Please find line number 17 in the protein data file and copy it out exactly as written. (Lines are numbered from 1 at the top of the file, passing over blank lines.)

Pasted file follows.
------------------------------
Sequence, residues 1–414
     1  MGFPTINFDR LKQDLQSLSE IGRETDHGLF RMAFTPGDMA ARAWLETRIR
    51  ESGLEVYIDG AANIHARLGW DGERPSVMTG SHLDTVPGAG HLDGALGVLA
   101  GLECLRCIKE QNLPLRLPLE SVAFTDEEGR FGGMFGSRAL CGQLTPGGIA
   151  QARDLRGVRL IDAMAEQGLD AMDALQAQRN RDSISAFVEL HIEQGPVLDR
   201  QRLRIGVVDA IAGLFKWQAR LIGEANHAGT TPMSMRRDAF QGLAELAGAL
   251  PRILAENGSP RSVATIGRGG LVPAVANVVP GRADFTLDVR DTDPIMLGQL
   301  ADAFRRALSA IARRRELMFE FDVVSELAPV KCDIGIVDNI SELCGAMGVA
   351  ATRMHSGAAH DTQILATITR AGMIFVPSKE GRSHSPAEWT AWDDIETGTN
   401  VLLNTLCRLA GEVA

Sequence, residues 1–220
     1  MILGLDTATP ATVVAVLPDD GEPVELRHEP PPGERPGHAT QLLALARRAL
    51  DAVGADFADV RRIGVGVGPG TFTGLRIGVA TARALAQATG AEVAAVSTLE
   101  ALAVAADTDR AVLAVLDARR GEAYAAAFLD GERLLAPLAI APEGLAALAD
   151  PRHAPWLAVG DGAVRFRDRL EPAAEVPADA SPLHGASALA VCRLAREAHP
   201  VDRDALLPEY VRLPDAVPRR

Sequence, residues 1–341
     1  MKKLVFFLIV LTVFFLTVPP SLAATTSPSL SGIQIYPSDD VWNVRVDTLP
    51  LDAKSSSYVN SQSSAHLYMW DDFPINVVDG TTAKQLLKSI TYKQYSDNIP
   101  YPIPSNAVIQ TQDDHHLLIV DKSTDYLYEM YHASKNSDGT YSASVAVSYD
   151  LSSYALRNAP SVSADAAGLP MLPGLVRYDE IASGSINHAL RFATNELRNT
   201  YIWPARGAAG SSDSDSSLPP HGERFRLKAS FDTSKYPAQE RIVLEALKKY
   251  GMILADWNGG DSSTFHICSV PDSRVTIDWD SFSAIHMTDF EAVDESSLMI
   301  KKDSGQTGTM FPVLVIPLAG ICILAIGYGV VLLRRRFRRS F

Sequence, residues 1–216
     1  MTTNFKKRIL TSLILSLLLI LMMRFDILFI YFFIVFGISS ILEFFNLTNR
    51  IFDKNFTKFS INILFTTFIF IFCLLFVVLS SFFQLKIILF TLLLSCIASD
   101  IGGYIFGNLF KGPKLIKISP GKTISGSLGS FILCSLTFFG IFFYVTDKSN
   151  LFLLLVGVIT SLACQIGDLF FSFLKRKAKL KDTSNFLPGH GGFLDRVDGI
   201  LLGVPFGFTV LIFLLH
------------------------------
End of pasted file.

Sequence, residues 1–341